I’ve been in my current role in with Coquitlam School District for just over 10 years.  It is unbelievable how much has changed in 10 years.  I write (speculate) often about the future and in particular how education and work may change.  That’s actually quite easy to do.  What is hard, is figuring out what choices to make now to be best utilize limited resources to prepare for an uncertain, unpredictable future.  Take the current almost relentless adoption of tablets, in particular the iPad in schools.  It sometimes feels like a tsunami of change is attempting to roll over schools.  As a District technology iStock_000011224415XSmallleader I communicate regularly where we are heading with respect to technology.  Just this week I communicated out to our District staff that we will be preparing to adopt iPads in the new year.  Many of our neighboring Districts are well down this path with 1000’s of iPads already deployed.  As leaders we are the inevitable recipients of both positive and negative feedback.  Along that line, I received quite a bit of supportive and excited e-mail responses but there were also a couple of voices of caution speaking against such a move.  One teacher exclaimed,

“[a]s a teacher in this district, I worry about the time and resources we commit to the pursuit and path of technology… there does not seem to be enough attention paid to the counterclaims and the alternative narratives, which can be quite persuasive.  The plethora of knowledge issues that have emerged from the claim that technology brings significant benefits to education should be cause for hesitation and a sober second – and third – look.  With this in mind, and as people struggle economically around the world, to spend so much in one place and for one vision is perhaps unwise”.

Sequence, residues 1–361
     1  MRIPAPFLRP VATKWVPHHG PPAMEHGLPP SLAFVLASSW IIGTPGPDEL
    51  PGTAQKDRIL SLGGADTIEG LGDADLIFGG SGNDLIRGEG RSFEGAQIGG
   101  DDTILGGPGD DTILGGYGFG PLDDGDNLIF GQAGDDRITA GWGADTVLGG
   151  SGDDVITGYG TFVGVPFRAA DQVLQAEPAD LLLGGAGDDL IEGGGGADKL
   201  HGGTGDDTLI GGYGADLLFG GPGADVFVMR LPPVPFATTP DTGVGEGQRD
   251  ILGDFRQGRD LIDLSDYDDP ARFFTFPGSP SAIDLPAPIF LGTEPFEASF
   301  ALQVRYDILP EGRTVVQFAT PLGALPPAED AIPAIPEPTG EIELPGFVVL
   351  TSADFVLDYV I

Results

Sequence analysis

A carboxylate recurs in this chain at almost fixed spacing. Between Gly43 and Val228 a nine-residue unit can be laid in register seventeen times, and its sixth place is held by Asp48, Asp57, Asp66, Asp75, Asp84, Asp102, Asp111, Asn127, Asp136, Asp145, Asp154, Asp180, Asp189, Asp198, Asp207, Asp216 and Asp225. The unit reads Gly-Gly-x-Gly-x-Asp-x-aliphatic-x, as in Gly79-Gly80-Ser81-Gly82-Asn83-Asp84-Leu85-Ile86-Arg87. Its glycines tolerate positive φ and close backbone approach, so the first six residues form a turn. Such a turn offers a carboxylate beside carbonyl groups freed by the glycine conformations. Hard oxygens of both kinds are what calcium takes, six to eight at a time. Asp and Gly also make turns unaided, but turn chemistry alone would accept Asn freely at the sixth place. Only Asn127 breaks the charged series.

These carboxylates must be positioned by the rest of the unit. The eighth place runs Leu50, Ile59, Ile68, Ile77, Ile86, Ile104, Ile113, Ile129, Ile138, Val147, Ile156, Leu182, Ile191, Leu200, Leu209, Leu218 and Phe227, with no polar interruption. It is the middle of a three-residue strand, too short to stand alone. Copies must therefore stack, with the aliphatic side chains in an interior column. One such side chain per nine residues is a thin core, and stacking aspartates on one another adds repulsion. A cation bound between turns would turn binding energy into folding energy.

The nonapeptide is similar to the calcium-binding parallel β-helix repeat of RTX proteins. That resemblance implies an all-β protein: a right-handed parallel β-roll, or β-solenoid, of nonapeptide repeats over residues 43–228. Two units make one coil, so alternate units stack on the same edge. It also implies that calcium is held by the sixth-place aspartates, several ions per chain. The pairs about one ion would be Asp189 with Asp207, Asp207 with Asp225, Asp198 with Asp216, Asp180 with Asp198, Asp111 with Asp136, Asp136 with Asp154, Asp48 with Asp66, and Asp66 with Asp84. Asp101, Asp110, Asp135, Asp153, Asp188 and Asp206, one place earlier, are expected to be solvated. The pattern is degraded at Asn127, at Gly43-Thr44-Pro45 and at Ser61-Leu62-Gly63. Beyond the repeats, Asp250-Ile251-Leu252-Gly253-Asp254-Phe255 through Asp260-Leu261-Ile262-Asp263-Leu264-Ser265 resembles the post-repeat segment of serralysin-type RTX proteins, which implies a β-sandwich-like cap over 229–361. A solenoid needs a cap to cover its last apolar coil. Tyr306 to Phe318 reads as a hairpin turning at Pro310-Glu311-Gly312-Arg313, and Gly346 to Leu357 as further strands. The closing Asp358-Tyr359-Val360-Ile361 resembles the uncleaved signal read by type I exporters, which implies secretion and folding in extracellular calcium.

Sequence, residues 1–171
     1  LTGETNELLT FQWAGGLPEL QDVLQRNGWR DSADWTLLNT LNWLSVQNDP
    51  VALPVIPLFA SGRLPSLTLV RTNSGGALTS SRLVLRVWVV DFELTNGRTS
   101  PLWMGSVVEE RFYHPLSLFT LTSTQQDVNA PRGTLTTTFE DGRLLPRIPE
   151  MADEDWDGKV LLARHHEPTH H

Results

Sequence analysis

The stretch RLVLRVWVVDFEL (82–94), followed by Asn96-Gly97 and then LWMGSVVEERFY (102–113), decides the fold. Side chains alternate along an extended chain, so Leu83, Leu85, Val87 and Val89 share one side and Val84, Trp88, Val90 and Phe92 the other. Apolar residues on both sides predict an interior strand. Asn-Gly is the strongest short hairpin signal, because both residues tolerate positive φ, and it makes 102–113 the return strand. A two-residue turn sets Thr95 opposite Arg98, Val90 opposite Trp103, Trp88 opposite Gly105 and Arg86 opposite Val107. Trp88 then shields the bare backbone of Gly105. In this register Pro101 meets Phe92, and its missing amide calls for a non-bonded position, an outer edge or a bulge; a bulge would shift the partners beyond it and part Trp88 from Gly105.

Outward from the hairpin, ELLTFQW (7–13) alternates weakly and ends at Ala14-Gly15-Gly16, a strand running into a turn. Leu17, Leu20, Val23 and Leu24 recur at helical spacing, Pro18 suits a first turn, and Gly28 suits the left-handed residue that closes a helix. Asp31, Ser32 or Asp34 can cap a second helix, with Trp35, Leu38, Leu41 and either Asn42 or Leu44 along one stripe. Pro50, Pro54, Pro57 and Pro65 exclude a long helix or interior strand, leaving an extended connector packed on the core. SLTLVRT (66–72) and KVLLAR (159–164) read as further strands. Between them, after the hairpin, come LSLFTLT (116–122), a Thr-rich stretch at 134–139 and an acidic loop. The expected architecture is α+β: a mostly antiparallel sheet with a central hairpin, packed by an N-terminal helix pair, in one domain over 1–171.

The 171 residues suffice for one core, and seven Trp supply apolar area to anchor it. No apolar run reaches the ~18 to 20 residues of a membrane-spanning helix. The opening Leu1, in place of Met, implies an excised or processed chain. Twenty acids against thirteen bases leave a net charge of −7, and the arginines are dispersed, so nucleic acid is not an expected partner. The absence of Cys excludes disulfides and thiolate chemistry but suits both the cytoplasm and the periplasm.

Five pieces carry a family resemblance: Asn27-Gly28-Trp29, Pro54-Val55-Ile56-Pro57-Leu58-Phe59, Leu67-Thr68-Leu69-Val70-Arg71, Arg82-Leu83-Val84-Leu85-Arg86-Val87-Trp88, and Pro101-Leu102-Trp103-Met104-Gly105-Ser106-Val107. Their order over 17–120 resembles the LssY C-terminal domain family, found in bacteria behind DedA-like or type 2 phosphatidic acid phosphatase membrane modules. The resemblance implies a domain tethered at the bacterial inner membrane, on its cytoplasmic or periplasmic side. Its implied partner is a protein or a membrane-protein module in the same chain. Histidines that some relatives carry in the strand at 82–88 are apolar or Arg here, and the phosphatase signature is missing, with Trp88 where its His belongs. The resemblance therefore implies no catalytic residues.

Or these comments from another teacher,

“there are nominal PD plans for support, huge redirection of resources … I'm not opposed to technology- I'm opposed to its use and abuse in the name of ‘progress’ … There are good things - in places - but at what cost to the system overall and with what type of long range plan”.

I do agree with planning and preparing but the windows for doing this are becoming narrower.  With things changing so quickly is the concept of “long range plan” still practical and relevant?  When we read statements like “Siri is a game changer for education” on twitter or in blog posts, leaders are expected to plan for this?  Really?  What about iPad 2 with front/back facing cameras?  We can’t forget Apple TV and the experience of an unwired iPad iStock_000008424287XSmallfilled classroom.  Seriously, these are potential game changes but how do we anticipate these, build professional development plans, and implement systematically?  Organizations used to create carefully thought-out long range strategic plans.  With the pace of change we’re seeing now, the best we can do now it seems is to have a concept of the future and then figure it out along the way, adjusting course as needed.  I wonder if we’re at a stage where some forms of technology just don’t need a lot of thought or planning to be adoptable and valuable?  Isn’t it better to open windows, provide opportunities and let people experiment, learn, and share?  Maybe we plan for and lead perpetual experimentation?